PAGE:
War of the Rebellion: Serial 107 Page 0099 Chapter LXIII. BATTLE OF FAIR OAKS, OR SEVEN PINES, VA.

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MAY 31-JUNE 1, 1862.-Battle of Fair Oaks, or Seven Pines, Va.

Report of Colonel William W. H. Davis, One hundred and fourth Pennsylvania Infantry.

DOYLESTOWN, PA., June 25, 1862.

CAPTAIN: I have the honor to report the part taken by my regiment in the battle of Fair Oaks, or Seven Pines, fought on the 31st day of May:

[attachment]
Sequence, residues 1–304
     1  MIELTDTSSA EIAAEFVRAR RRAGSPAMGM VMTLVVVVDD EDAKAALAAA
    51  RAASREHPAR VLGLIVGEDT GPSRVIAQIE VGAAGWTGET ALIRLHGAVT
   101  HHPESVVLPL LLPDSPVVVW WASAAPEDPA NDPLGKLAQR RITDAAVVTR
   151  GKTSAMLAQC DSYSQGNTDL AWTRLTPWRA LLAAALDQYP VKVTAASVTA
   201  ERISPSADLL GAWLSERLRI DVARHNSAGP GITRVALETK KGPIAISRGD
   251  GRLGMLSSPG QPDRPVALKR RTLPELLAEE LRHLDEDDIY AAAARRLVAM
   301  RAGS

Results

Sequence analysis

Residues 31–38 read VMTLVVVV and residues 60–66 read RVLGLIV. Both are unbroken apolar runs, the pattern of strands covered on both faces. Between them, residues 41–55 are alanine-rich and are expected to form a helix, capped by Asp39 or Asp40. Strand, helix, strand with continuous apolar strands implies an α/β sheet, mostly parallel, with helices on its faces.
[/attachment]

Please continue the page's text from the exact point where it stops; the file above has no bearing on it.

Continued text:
About 12.30 o'clock noon an aide-de-camp of General Casey came to my quarters on the Nine-Mile Road and ordered me to get my regiment under arms immediately. In a few minutes afterward it was formed on the color line cut in the bushes. I had but eight companies in line, the other two being on picket. My effective strength was a little less than 400 men. Shortly after we were formed another aide came to my quarters with orders to move the regiment out by the left flank to a clearing between the Nine-Mile and Williamsburg roads to support Spratt's battery of 10-pounders. We marched along a path I had caused to be cut through the bushes a few days before, and formed line in the edge of the timber a little to the right and rear of the battery. I had hardly dressed my line when I was ordered to advance my regiment into the clearing in front, which was done as quickly as possible. To attain this position we had to cross the abatis formed to prevent the approach of the enemy, and my line was a considerable distance in front of the battery I was sent to support. The right of the regiment rester on the timber which flank in on that side. Skirmishing had been going on before we arrived on the field, and soon afterward the skirmishers came running in, pressed back by the enemy. The enemy's bullets fell in my ranks while the line was being formed. Nevertheless, the regiment was dressed with the precision of a dress parade. We opened with a general volley, the first fired that day, which announced the action commenced in earnest, and until it was concluded there was a perfect rattle of musketry and roar of artillery. The men began to fall, killed and wounded, but there was no faltering. Every officer and man stood up to his work. Seeing a movement of the enemy on our right as though about to flank us in that direction, Companies A and D were pushed into the timber to prevent it. The enemy now came out of the timber and pressed down upon us in overwhelming numbers. Their fire was withering. We had now been under fire about an hour and a half, and our ranks were much thinned. The enemy was now pressing me hard in front and on the right flank, and their fire had approached so near as to endanger the battery. Under these circumstances I ordered a charge, the regiment at the word springing forward and advancing with a loud hurrah toward the enemy. It had the effect of gaining time and enabled us to hold the enemy longer in check. Seeing I must relinquish my ground unless re-enforced, I sent Lieutenant Ashenfelter to General Casey on the Williamsburg road, with the request that he would send me a regiment to support the One hundred and fourth. He passed twice between the two armies unharmed. He sent word that if I could hold my position a few minutes longer he would re-enforce me. The fight had now raged two hours with great fierceness, and almost one-half my regiment had fallen. In this part of the field the One hundred and fourth was contending singlehanded with overwhelming numbers. We could hold our ground no longer, and the superior numbers of the enemy and the want of the promised supports compelled us to retire. The men left the ground slowly and sullenly and retired down the Nine Mile Road to near where it joins the